By MERT OKUR
For Egg Harbor Township senior 126-pounder Hunter Thomas, it’s been a long, grueling journey this season. It recently ended with an appearance at the Region 8 championships, where Thomas reached the semifinals before finishing in fifth place.
Thomas has been to this point before, but could never capitalize on the opportunity to capture a victory. With the bitter taste of defeat still in his mouth from last year, Thomas came into the Region 8 Tournament ready to surprise people.
“He’s been working very hard. He’s motivated, he’s confident and be believes if he wrestles well he can win the title,” Egg Harbor Township head coach Mike Caiazza said before the region quarterfinals began on Feb. 24. “He’s won some really close matches. In the district final he was down by two points, came back and won that match with 15 seconds left on the clock and scored a takedown and secured a title for himself.”
Thomas has worked hard to prepare for regions and said he was looking forward to seizing his first victory at the tournament. Thomas did just that, pinning Trent Johnson of Pennsville in the quarterfinals to set up a semifinals showdown with St. Augustine Prep’s Connor Kraus. Kraus scored a 5-1 win to bump Thomas into the wrestlebacks, where Thomas lost out on a chance to place with a tough 3-1 loss to Alexander Pruszinski of Lower Cape May.
Thomas rebounded to beat Woodstown’s Giovanni Chiesa, 13-0, to finish in fifth place, one spot out of qualifying for the state championships in Atlantic City.
“I feel like I had a great season,” Thomas said during regions.
Thomas was coming off a district title, which he said was key to his success in the regional tournament.
“It feels pretty good and is great motivation to do good at regions,” Thomas said before the regions began.
While the region tournament was tough, Thomas has faced many difficult challenges throughout his 12-year wrestling career. He began wrestling at a young age and was inspired by his older brother. Once Thomas introduced himself to the Egg Harbor Township wrestling team freshman year, his coaches quickly realized he was a special talent.
“The biggest thing about Hunter — and why he’s so successful — is because he’s such a hard worker. He works hard every day and puts wrestling first over anything. It’s his priority. His drive and motivation is a little bit more than some of the other wrestlers. I think he’s more focused than some of the kids and I think that from the last three years of wrestling he’s had some really tough matches that he’s always seemed to be on the short end of and it really motivated him this past year to make sure that doesn’t happen again,” explained Caiazza.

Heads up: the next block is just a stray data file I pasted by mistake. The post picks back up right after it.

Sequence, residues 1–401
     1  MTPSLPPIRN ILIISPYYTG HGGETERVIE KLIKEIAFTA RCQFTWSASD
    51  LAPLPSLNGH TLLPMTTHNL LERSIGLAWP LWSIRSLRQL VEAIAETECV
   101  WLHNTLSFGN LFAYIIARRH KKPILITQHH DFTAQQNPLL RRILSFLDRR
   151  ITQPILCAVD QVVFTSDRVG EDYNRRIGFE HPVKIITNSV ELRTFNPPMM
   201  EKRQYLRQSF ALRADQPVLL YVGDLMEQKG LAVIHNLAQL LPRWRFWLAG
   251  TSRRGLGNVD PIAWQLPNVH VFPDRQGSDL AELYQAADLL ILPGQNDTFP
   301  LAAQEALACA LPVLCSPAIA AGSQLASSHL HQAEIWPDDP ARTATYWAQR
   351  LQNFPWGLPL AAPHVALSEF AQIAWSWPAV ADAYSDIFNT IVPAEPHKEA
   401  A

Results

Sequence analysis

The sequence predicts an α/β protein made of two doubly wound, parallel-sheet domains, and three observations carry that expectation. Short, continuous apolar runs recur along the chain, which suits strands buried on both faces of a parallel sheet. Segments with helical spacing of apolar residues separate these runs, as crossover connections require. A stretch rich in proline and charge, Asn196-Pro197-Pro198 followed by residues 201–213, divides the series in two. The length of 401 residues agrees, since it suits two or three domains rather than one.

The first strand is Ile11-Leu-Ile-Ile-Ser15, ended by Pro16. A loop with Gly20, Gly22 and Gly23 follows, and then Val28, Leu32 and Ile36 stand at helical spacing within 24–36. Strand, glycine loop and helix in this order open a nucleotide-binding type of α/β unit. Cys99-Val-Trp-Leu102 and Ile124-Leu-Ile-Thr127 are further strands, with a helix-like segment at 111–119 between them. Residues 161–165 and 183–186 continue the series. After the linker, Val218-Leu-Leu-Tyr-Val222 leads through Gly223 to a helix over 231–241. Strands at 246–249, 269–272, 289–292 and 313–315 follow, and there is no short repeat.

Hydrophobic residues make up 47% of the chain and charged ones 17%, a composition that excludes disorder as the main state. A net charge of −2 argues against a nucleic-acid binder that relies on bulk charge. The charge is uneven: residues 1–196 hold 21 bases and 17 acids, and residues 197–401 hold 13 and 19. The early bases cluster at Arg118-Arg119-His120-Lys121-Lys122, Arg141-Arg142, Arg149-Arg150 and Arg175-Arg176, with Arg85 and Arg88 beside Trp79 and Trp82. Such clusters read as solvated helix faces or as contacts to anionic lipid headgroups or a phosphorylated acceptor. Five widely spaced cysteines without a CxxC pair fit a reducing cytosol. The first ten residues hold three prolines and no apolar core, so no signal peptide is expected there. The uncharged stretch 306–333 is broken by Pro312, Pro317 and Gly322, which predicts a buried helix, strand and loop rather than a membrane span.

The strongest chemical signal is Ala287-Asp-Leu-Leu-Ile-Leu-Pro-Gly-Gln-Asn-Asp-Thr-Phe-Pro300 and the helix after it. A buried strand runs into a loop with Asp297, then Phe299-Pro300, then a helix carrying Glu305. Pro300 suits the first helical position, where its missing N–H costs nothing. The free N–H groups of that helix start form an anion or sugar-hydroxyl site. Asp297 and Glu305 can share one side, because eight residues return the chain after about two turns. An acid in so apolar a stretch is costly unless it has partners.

At EHT, Thomas has undoubtedly left his mark with more than 90 career wins. It’s a burdensome task to reach 90, but Thomas has proven he is worthy of that honor.
“He’s one of the best wrestlers I’ve ever coached. Probably from start to finish, he’s one of the best kids and hardest working kids I’ve coached over the years,” Caiazza said.
Also, Thomas isn’t about himself, Caiazza said. He looks out for his teammates and urges them to put their best foot forward. Even with a varsity squad mostly full of seniors, Thomas emerged as one of the captains on team.
As his senior season was coming to an end, Thomas said he realized it’s vital to cherish these moments and make the most of this opportunity. He’s had memorable moments along with coach Caiazza and his teammates, he said, but one stands out the most to Caiazza.
“Last year, when he lost a heartbreaker in regions. We had a long talk and he swore that it won’t ever happen again, and he’s proven that so far and really set some high expectations for himself,” Caiazza said.
Thomas has had an outstanding career at Egg Harbor Township, and that can’t be denied. “Looking back on it, it’s been fun, especially since I had a chance to be a part of such a good team,” Thomas said.
Despite not reaching his ultimate goal of advancing to the state championships at Atlantic City’s Boardwalk Hall, Thomas has plenty to be proud of during his Eagles career.
By MERT OKUR